Jim Afremow, Ph.D.; eminent sports psychologist and author of the Amazon best seller: ‘ The Champion’s Mind: How Great Athletes Think, Train, and Thrive (Rodale, 2014)’ has agreed to share his insights and expertise with Rundamentalists readers. You might not possess the physical capabilities of an elite runner (yet!) but Jim explains the mental strategies the elites use to help you run your best and reach your goals.
What led you to the field of sports psychology?
Answer: Jim Afremow
As a licensed counselor, I am trained to understand how people think and what makes them ‘tick’. As a huge sports enthusiast, I therefore have the dream job: the marriage of athletics and psychology.
As well as working with individual sportspeople and teams, my clients include: performers, actors, musicians and business leaders. The common theme is that I enjoy helping people with demanding goals to achieve Peak Performance
One of my key roles is to understand and help each client manage and minimize what I call: Interference. Off-field issues for example with relationships will naturally impact on-field performance.
Given the evidence that sports psychology works for elite athletes why do so few amateur runners embrace the science?
A: Jim Afremow
The underlying theme of my book is that we all have the capacity to think like champions. My observation is that champions are always striving to improve even when they appear to be at the top of their game. In my experience non-elite athletes will only seek out sports psychology if they have a specific problem they are trying to fix, for example: performance anxiety.
There is also a misconception that it is time-consuming, however just three 10-15 minute sessions a week practicing mental toughness techniques will make a fundamental difference.
Also many mental routines can be applied in parallel with other activities. For example, you could practice visualization or deep breathing, positive body language, etc.....whilst standing in line at the grocery store.
Of course many athletes are also unconsciously practicing many of the techniques needed to be mentally tough. Ideally we want to make it automatic – just as a novice driver starts off overly conscious of braking and using gears they eventually manage these factors on auto-pilot and can then concentrate 100% on the road ahead.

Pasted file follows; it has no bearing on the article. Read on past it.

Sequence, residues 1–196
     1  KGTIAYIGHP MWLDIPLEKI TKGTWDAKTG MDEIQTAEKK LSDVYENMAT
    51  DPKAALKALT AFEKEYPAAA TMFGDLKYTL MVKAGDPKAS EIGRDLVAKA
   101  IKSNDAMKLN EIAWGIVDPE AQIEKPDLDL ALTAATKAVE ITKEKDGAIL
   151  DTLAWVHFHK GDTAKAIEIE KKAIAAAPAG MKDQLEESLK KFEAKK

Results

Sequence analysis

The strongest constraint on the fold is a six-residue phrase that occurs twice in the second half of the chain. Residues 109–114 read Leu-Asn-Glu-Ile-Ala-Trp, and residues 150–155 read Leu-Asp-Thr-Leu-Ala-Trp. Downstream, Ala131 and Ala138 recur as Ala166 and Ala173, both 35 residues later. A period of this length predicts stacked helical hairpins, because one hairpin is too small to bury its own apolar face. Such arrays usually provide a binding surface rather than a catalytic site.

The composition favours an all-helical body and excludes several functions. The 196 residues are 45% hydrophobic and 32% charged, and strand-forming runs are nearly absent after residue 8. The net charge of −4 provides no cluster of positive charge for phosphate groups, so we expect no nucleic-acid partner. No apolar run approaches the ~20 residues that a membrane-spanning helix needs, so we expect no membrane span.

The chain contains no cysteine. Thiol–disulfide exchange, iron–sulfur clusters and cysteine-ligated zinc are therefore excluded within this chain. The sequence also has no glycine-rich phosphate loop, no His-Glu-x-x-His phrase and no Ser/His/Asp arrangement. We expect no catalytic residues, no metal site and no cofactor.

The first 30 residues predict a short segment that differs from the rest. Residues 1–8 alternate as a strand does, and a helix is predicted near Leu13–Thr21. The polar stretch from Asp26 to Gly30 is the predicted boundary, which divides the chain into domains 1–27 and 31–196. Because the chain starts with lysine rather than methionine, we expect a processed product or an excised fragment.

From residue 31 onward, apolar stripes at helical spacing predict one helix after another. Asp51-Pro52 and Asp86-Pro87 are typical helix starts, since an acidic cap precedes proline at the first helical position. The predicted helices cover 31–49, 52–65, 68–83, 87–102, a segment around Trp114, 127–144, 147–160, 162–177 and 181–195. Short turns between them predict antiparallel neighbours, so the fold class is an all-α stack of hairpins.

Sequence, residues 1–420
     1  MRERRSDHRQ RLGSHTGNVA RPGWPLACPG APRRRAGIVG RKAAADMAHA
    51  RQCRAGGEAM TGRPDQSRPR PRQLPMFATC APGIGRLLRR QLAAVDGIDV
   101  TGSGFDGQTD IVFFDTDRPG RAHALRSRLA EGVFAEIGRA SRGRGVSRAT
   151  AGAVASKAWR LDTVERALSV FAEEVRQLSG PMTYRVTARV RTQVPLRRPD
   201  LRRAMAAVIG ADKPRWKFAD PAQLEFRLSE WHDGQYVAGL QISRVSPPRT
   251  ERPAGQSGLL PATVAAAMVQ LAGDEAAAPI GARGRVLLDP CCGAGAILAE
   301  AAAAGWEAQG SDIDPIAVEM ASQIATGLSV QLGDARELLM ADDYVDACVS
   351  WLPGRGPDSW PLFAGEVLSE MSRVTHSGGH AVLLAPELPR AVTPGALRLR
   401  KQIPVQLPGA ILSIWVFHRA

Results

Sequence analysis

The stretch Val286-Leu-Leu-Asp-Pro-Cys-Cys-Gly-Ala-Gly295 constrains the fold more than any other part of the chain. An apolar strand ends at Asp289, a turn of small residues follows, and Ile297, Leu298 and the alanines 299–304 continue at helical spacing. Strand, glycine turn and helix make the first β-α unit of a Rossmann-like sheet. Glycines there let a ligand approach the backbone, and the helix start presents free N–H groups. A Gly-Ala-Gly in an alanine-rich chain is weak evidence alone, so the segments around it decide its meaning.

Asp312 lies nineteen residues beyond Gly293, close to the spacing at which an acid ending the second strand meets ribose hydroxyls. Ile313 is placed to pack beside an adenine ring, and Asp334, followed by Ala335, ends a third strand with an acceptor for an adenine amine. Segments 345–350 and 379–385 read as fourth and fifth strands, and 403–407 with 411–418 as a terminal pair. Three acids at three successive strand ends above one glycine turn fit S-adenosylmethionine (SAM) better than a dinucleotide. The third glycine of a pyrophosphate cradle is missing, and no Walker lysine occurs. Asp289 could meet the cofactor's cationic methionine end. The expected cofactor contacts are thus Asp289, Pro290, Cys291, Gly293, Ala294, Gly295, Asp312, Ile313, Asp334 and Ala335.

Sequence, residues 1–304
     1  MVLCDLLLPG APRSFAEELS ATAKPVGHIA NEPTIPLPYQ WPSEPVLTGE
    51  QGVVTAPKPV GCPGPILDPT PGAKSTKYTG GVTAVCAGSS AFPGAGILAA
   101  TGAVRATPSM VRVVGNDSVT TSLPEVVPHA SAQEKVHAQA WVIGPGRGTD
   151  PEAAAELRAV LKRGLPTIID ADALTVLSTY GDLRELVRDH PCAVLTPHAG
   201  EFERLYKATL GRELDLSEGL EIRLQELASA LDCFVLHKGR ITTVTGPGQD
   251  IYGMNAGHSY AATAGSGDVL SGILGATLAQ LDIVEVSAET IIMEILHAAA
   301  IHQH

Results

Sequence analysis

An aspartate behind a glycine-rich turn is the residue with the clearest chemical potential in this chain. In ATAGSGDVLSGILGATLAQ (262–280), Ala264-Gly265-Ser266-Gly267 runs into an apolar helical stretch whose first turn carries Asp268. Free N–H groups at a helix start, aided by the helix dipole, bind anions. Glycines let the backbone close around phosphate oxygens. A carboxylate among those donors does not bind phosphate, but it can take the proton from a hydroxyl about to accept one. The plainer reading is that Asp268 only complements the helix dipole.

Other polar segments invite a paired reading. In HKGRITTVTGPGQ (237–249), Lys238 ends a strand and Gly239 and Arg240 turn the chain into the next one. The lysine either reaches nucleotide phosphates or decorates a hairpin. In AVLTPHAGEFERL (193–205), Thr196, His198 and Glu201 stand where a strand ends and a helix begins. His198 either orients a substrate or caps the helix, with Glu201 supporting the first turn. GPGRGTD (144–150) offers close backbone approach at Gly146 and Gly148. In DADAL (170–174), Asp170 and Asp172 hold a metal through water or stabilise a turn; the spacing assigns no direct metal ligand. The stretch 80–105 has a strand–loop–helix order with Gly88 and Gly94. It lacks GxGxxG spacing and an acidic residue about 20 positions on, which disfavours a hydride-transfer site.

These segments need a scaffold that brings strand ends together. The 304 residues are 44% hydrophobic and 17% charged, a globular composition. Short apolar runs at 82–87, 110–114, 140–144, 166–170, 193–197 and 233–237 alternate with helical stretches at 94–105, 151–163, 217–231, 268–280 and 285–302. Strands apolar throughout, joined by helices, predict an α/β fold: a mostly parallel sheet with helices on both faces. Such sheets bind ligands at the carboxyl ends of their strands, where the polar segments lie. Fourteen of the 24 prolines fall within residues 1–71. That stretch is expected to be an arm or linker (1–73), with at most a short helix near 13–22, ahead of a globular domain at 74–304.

I do a lot of work with golfers who are often overly concerned [even obsessed] with the mechanics, even whilst playing in a tournament. For runners avoid becoming preoccupied about running form or worrying about the end result..... Focus on sound of your feet… Feel the sweat... Smell the freshly mowed grass….. Use all of your senses.
Try to think softer rather than harder. Relaxation is vital - we need to avoid muscle tension - it will slow you down and leads to a sensation of pain. Try to experience: Effortless effort.
Check in periodically while running to make sure you are maintaining proper form, but you also need to train yourself not to think… Just let it happen… And get out of your own way. I like to use a phrase: feel the now….. runners often call this the zone. Become a Nowist!
In the book you indicate that it is rare for an athlete to be 100% physically or mentally?
A: Jim Afremow
Athletes need to find powerful sources of motivation. To succeed you must love your sport and be what I call ‘Vitally Engaged’…to go all out to maximize your talent towards getting as close as possible to your Potential. However, don’t forget that performance is only relative. If the maximum you can achieve today is 85%....then you must recalibrate and realize that 85% is actually today’s gold medal. Therefore always strive for a PTB…a Personal Today Best.
If for example weather conditions mean that your original target race goal is now unmanageable – think positively and reframe a new target based on what is realistic rather than risk your safety or suffer an injury. You will often have to do this mid-race – a key mental toughness technique is to be able to deal with adversity. For example in the last few miles of the 2013 Chicago Marathon I began to feel the early warnings of cramp (a now familiar foe) and I faced the choice of heroically sticking with the pace group (but risk blowing up) or alternatively slowing to a point where I could manage the situation. A quick mental calculation allowed me to drop by 90 seconds a mile and still gain a Boston Qualification time. Even though I did not achieve my original starting line goal…a BQ was a positive outcome.
A: Jim Afremow
The champion’s mindset is to embrace issues….and transform them into a positive. It is easy to forget that our heroes actually lose more than they win……but it makes them stronger and the best performers see hurdles as a challenge to master rather than a threat to avoid.
My philosophy is that failing is merely a stepping stone and you should always ask yourself: “What did I learn today?”
Jim gave me a great idea that I have used extensively since we met…Don’t think ‘Win or Lose’….instead reframe to: “Win or Learn”. Try it for size…it immediately changes your mindset in any aspect of your life.
In our next episode Jim explains how to set smart goals, how to prepare for race day and the power of mantras…..Jim confirms they actually work.
My philosophy is that failing is merely a stepping stone and you should always ask yourself: 'What did I learn today?'
Jim Afremow Ph.D